Mark Johnson in the Australian media

User Voice founder visits Australia to spread the peer-led word

Mark Johnson addressed prisoners, researchers, academics, policymakers and more, and found a media keen to hear his story

User Voice founder/CEO Mark Johnson recently undertook a whistlestop tour of some of Australia’s prisons and criminal justice stakeholders, hoping to make an impact on the country’s approach to criminal justice.

Mark was invited by Claire Seppings, a Churchill Trust fellow who is doing research into peer-led programs. In three weeks he visited prisons, universities, conferences and the media to explain the unique peer-led User Voice model and to share some of his own experiences.

Mark Johnson being interview by Australian TVAt the Deakin University in Geelong, for example, he explained how philanthropic funding can play a part in the criminal justice system. In the same city, he visited Margoneet Prison and talked to over 100 prisoners and 30 staff about the User Voice model and the value of lived experience. He also fitted in a community justice talk to over 100 delegates representing the broad range of criminal justice stakeholders.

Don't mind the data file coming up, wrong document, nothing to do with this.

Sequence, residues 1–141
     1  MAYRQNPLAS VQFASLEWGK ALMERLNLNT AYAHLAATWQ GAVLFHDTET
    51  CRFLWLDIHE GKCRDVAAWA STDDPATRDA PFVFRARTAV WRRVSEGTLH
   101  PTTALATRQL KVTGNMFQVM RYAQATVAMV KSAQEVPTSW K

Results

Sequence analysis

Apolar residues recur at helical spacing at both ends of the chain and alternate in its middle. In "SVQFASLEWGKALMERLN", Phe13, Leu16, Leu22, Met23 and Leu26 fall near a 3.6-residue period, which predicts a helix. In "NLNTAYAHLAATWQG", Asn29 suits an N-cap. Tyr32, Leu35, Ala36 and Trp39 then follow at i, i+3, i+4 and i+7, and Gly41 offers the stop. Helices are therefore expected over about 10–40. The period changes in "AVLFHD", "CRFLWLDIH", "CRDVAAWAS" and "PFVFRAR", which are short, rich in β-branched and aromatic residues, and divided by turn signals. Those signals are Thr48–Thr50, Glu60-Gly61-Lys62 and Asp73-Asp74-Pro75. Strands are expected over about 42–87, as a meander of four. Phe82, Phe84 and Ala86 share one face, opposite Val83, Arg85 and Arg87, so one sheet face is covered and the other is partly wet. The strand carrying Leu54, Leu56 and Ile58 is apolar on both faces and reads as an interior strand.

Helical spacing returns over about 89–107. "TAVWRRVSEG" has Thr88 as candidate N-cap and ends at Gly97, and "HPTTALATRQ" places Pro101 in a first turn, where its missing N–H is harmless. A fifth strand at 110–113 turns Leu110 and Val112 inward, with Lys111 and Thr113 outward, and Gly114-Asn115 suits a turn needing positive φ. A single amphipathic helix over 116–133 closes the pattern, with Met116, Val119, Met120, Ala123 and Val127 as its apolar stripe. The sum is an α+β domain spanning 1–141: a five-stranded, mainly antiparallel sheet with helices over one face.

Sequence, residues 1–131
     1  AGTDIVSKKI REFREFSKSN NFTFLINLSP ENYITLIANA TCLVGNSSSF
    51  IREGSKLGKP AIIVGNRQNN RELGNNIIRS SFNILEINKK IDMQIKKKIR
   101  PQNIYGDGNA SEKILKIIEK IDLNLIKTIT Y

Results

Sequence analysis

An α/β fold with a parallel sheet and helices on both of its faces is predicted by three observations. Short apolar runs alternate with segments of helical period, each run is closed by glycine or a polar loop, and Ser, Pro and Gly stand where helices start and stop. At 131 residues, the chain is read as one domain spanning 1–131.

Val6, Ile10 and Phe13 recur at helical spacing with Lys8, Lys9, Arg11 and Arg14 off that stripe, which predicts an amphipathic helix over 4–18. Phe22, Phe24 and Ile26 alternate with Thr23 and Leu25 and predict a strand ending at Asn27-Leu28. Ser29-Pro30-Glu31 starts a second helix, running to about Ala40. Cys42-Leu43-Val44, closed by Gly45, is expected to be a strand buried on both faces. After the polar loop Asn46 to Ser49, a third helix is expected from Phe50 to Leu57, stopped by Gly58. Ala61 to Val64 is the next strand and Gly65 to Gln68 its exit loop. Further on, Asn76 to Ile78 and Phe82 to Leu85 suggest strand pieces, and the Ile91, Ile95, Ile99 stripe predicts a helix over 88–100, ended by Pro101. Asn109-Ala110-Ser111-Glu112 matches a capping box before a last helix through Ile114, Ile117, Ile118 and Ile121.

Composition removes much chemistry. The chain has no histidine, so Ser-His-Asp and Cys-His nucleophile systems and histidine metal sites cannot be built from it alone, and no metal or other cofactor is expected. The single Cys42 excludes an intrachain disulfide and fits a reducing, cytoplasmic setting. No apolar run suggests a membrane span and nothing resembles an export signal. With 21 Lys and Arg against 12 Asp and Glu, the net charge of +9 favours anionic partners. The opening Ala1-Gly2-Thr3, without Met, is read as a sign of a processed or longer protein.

Mark was in Australia having been invited to give the keynote speech at the Reintegration Puzzle national prisons conference, a central event for advocates, policymakers and researchers of rehabilitative programs in Australia.

The conference, in Hobart, Tasmania, had already guaranteed Mark a fair degree of publicity and he was met by an enthusiastic media keen to hear more of the User Voice story in a country with a prison system and reoffending rates similar to the UK’s but with little peer-led activity.

Mark tackled the region’s “archaic” thinking and addressed the “futility of the tough on crime” rhetoric, challenging the public to “ask  what happens to people in prisons that equips them to make sure they don’t do the same thing when they come out”.

He did a tour of regional media organisations in the south of Australia, taking in WIN TV, the Hobart Mercury, the Geelong Advertiser, ABC Melbourne and more, and was delighted at the hunger to hear about new ways of addressing criminal justice issues.

“I was amazed at how much interest there was in the User Voice story and model,” said Mark. “Hopefully we can stay in touch and help stakeholders out there introduce a more just and effective peer-led approach into the system.”

Mark in the media in Australia:
On 3CR Radio
On WIN News Tasmania
On ABC Hobart

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